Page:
Opening Bell: Thurman back in business
NEW YORK -- After a 22-month layoff because of right elbow surgery followed by a left hand injury, welterweight world titlist Keith Thurman finally returned and is back in a business in a major way.
In a highly entertaining fight, Thurman retained his belt for the fifth time, winning a majority decision over tough-as-nails Josesito Lopez on Saturday night at Barclays Center in Brooklyn. Thurman then said something that should have come as no surprise: He wants a fight with secondary titlist and living legend Manny Pacquiao, who kept his version of the 147-pound title one week earlier in a wipeout decision over Adrien Broner.
Pacquiao (61-7-2, 39 KOs), the fighting senator from the Philippines, has vowed to keep facing top opponents and not look for soft touches. The fact that he is now aligned with Premier Boxing Champions, as is Thurman, means it would likely a relatively easy fight to make, especially if Pacquiao does not get the fight he really wants: a rematch with Floyd Mayweather should he come out of retirement for the bout, as Mayweather has said is possible.
Thurman is also interested in a rematch of a defense he had against Shawn Porter in 2016 because he would like to regain the belt he had to vacate during his injury layoff. Porter wound up winning the vacant belt last March.
Pacquiao-Thurman, however, is a much bigger fight, and Thurman knows it. Pacquiao, who is technically Thurman's mandatory challenger, is 40 and probably not going to be around for too much longer, meaning time is of the essence.
"Manny Pacquiao is not going to be here for the years to come. Just fighting a legend, I just feel like the clock is ticking," Thurman said during his postfight news conference. "Later this year, if that fight presents itself, I would definitely be open for negotiations, and I would love an opportunity to fight a legend.
"He's not the young Manny Pacquiao that he once was, but he still is a great, world-class fighter. If we get that fight, we'd be happy to do it for ourselves and the fans."
Dan Birmingham, Thurman's longtime trainer, also would like to see the fight with Pacman, calling him "a formidable challenge for anybody. We would love that fight. It's an exciting fight, and I think the fans would love it."
Pacquiao is also interested in the fight, according to Sean Gibbons of Pacquiao's MP Promotions. "Senator Pacquiao is looking at all good fights at 147 pounds," Gibbons told ESPN. "Keith Thurman is an undefeated world champion. He definitely warrants consideration to fight. Thurman holds wins over Danny Garcia and current WBC world champion Shawn Porter. It would be an exciting fight."
The prospect of that fight was almost washed away during the seventh round, in which Lopez nearly stopped Thurman, who survived and went on to win 117-109 and 115-111 on two scorecards, with the third judge surprisingly scoring it 113-113.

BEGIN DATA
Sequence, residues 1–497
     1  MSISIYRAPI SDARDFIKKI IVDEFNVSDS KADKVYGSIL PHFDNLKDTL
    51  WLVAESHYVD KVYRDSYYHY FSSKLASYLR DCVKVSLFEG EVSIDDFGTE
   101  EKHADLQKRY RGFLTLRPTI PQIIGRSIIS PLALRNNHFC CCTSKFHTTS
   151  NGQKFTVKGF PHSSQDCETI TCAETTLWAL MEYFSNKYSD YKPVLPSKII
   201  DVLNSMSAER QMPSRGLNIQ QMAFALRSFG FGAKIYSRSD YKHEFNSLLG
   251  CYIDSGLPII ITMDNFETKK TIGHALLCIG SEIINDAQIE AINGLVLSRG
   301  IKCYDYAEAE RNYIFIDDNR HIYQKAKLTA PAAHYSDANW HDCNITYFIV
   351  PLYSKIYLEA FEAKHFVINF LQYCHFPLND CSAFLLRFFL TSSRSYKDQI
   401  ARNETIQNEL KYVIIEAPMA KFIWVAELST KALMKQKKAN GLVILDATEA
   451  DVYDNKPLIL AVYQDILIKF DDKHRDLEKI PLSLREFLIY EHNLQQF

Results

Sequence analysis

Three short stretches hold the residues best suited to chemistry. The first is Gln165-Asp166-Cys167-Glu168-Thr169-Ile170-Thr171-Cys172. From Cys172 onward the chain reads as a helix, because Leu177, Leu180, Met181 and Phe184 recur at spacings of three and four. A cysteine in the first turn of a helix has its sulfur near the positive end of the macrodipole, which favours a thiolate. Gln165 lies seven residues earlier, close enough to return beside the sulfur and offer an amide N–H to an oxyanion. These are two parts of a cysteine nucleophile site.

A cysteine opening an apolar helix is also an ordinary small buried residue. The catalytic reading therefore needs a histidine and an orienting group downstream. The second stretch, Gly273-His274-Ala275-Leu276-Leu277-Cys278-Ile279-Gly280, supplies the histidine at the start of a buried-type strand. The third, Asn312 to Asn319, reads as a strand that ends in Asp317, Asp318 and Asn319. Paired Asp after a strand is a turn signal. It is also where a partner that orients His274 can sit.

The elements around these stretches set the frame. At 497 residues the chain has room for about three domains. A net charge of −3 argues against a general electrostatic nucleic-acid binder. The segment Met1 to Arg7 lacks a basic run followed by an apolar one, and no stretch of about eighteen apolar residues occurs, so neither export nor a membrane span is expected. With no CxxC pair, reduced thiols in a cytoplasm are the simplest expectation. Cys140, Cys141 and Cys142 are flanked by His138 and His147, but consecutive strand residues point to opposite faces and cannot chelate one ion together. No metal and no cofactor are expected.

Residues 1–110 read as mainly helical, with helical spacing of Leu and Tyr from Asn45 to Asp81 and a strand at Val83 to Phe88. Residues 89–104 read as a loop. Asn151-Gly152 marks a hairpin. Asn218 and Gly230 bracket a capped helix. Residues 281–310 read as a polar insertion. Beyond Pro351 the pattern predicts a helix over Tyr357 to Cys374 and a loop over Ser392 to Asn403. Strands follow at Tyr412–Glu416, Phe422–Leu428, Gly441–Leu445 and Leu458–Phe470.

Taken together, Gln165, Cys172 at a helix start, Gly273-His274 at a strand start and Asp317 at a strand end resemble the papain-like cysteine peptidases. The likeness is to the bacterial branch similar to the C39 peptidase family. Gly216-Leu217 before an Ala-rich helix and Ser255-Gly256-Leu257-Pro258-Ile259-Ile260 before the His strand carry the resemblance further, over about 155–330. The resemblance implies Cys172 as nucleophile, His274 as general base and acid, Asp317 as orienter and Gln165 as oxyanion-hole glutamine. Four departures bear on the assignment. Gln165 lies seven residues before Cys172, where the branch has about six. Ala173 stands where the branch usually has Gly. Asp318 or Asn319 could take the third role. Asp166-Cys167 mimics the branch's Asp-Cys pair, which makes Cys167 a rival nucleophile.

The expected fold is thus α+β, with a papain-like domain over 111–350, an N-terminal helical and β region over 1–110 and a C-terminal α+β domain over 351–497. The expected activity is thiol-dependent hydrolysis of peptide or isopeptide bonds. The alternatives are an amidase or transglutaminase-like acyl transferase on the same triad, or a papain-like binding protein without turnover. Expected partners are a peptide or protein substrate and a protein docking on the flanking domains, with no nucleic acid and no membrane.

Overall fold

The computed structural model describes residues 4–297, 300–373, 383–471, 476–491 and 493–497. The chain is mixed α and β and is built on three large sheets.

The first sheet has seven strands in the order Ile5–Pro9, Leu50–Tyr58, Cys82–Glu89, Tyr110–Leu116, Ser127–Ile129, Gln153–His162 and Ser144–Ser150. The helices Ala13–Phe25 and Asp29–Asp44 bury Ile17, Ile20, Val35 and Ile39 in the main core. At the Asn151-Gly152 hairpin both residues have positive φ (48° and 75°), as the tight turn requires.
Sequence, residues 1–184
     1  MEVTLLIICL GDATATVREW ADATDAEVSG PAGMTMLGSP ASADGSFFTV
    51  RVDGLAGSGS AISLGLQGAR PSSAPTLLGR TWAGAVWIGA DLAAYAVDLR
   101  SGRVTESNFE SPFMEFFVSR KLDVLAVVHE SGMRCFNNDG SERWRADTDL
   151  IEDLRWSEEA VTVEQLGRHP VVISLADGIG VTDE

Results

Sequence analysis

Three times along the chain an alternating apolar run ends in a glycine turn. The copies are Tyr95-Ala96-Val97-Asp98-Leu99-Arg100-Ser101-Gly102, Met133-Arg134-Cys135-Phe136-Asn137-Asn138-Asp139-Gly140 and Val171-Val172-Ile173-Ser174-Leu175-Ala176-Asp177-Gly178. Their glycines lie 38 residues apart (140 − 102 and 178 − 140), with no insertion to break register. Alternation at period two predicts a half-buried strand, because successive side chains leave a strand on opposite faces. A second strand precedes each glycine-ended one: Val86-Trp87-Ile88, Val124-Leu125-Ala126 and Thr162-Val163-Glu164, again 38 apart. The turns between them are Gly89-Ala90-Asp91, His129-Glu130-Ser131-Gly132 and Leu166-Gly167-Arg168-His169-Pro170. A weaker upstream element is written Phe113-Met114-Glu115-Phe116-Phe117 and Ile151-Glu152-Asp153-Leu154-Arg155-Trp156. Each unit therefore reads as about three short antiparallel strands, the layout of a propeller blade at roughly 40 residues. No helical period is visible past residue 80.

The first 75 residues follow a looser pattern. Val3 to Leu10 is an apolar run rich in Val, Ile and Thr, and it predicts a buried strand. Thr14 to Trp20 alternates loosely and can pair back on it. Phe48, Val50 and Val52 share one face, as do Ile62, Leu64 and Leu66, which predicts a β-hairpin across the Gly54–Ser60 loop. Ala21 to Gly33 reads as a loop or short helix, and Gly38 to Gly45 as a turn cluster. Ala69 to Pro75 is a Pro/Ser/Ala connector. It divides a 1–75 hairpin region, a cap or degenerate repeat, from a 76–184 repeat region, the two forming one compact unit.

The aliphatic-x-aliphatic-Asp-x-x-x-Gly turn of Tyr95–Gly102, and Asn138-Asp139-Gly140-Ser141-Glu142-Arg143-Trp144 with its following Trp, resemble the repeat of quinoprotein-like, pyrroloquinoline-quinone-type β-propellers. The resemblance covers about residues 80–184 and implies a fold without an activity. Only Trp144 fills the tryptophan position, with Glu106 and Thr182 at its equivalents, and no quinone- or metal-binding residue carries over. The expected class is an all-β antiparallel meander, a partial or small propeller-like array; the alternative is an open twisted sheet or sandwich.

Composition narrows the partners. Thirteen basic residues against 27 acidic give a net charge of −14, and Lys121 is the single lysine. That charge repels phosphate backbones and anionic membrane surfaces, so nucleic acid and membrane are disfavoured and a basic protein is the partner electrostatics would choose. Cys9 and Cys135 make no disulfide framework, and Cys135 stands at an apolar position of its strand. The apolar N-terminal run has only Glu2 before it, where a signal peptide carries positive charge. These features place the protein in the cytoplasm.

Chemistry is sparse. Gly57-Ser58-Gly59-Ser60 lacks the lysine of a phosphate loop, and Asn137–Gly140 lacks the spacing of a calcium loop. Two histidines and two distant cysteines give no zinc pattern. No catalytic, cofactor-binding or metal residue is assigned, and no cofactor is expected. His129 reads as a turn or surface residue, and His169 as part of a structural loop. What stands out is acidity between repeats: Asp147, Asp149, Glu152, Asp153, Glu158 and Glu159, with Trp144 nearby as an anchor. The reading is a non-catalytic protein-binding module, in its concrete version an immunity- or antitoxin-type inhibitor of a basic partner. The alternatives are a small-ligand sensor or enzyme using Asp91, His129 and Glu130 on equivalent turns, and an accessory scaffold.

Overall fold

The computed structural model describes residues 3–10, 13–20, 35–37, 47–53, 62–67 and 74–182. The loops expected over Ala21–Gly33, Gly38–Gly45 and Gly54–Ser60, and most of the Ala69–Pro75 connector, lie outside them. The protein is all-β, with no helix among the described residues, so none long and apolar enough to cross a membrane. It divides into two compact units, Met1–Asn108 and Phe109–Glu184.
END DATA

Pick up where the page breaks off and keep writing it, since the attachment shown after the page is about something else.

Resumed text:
Thurman (29-0, 22 KOs), 30, of Clearwater, Florida, definitely deserved the unanimous call. He scored a clean knockdown with a left hook in the second round, easily won the first five or six rounds and certainly won at least a couple of rounds in the second half of the fight. Also, per CompuBox data, he landed 130 more punches than Lopez (247-117).
However, Lopez was dominant in the seventh round and was rewarded with 10-8 scores from all three judges, even without a knockdown. Most viewed the fight as a mismatch on paper, with Lopez being hand-picked for Thurman's return because even though he's a hard worker and an entertaining fighter, he usually has failed against top opposition, including in knockout losses to Canelo Alvarez, Andre Berto and Marcos Maidana.
But Lopez (36-8, 19 KOs), 34, of Riverside, California, fought one of his best fights and, to his credit, didn't complain about the decision, even though he and trainer Robert Garcia felt the fight could have been stopped during Lopez's seventh-round onslaught.
"I felt like if the same would have happened to me when I hurt him, they would have stopped it in a heartbeat," Lopez said. "It sucks that I don't feel like I got a fair shake. But I'm OK with my performance. ... [Referee Steve Willis] could have easily stopped it, but maybe he was one punch away."
Said Garcia: "Josesito landed so many good punches that round that if the ref would have stopped it, I don't think there would have been too many complaining. Keith is a strong survivor. He did whatever he had to to survive that round."
Thurman gave it up to Lopez for his tenacity and go-for-it fight plan. "The straight right hand was snapping my head back. It wasn't rocking me over and over again, but my chin was not tucked well enough," Thurman said. "I was standing too straight up. He was really committed to lunging and taking risks.